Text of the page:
Pharmacists are part of the primary care ‘dream team’

Three-quarters of health professionals say having a pharmacists on the team could improve care

A majority of health professionals support creation of a broad primary care team that includes pharmacists and other nonphysician providers to optimize time, spending, and outcomes—but primary care physicians (PCPs) rarely work with such a team, according to a report from the PricewaterhouseCoopers (PwC) Health Research Institute (HRI). The findings presented in ROI for Primary  Care: Building the Healthcare Dream Team were based on the results of 2015 and 2016 surveys of 1,500 health care providers—pharmacists among them—and 1,750 patients.

Physicians and patients agree

While participating physicians expressed particular interest in working with occupational, physical, and speech therapists, dietitians, and—for three out of four of those who responded—pharmacists, few actually did.

“Physicians routinely indicated that a pharmacist should be part of their ‘dream team’ to deliver care, but the fact of the matter is that the results of this also show that greater than 80% of the physicians said they were not working with pharmacists directly, didn’t have any immediate plans to do so, even though almost an equal number said there was value around including a pharmacist, particularly in the areas of medication reviews,” said Allan Zimmerman, BSPharm, MBA, national pharmacy practice leader at PwC.

Patients also responded that an extended team of diverse health care providers and caregivers designed around their specific needs and preferences would be desirable and effective.

“In fact, 50% of consumers indicated that they’d be happy seeing a pharmacist instead of a physician for certain services, and 90% said that their pharmacist was an effective clinician,” Zimmerman said.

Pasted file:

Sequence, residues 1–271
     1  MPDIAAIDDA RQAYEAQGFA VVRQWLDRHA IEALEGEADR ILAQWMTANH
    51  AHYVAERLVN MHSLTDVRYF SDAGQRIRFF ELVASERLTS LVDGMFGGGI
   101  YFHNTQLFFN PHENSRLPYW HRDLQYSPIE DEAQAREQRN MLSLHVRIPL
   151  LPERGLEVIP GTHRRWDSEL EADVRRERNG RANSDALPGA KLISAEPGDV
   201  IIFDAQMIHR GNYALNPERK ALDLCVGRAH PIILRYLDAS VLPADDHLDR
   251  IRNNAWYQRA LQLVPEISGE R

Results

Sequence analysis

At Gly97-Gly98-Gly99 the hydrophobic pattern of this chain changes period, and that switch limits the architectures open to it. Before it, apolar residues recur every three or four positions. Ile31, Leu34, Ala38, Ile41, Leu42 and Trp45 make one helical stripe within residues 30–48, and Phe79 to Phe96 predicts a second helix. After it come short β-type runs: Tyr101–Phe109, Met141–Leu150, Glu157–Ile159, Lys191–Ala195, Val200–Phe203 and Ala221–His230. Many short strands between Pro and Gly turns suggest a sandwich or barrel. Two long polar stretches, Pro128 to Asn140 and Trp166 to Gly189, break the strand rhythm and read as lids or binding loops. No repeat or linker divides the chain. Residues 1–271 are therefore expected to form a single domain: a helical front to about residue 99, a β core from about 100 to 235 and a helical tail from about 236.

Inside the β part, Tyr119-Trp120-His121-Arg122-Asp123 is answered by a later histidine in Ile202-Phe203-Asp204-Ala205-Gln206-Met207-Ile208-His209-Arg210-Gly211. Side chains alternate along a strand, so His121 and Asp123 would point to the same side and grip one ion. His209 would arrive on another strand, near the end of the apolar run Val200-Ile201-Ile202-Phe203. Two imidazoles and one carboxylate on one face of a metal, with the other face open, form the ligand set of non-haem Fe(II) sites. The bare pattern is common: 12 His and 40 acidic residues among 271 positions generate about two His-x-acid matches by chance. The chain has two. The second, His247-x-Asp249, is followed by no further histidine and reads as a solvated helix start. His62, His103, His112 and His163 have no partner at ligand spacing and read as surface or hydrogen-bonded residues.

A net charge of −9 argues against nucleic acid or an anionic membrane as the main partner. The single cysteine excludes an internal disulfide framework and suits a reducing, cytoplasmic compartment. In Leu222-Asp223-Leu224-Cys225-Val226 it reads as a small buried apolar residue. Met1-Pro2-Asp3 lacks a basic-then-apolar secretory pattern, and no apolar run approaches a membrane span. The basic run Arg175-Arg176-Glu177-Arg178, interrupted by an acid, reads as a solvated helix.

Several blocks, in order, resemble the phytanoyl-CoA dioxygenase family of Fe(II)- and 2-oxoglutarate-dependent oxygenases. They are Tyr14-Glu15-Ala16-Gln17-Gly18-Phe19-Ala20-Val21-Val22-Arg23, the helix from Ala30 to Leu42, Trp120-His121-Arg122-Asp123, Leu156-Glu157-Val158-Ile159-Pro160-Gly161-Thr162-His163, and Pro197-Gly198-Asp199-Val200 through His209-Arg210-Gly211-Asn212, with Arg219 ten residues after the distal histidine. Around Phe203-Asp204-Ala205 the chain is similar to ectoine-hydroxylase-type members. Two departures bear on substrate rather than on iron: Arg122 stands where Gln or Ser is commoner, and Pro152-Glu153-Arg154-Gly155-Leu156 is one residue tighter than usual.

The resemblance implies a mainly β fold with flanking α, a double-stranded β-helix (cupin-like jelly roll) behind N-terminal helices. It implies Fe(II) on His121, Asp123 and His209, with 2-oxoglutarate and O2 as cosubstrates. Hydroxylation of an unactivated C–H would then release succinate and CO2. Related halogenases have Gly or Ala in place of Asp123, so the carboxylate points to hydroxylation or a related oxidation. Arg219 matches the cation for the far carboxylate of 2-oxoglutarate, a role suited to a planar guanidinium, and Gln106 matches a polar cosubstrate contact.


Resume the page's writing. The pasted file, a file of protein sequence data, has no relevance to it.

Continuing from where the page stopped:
Primary care in the new health economy

The report urges the formation of primary care “dream teams” designed around patients’ medical, social, and behavioral considerations to ensure patients engage the most beneficial and appropriate health professional to accommodate their health and well-being.

Doing so, the report says, will result in financial savings. For example, developing a primary care structure that includes 0.2 full-time equivalent pharmacist for patients with more than one chronic condition—what HRI classifies as the “complex chronic” population—could potentially result in $1.2 million in savings for every 10,000 patients served. HRI presents three examples of health care systems that generated return on investment in medication therapy management or having pharmacists and practices work together to address adherence.

“The report did specifically call out the impactful role of pharmacists and the role pharmacists play in mitigating medication nonadherence, polypharmacy, adverse events, and all those areas that pharmacists are known to excel in, as well other contemporary areas well suited for pharmacist intervention such as medication reconciliation, identification of more cost-effective therapies and clinical efficient therapies, and so forth,” Zimmerman said.

“I’ve been in the industry for decades now, as a pharmacist, and we’ve been talking about the role and expanding role of the pharmacist for a long, long time. There have been pilot studies, there have been some best practices that have evolved, and these concepts [about the expanded role of the pharmacist] are not particularly new. I feel like the environment is changing, and every idea has its time, and this just may be the time for pharmacists to play a more integrative role in overall health care delivery,” he added.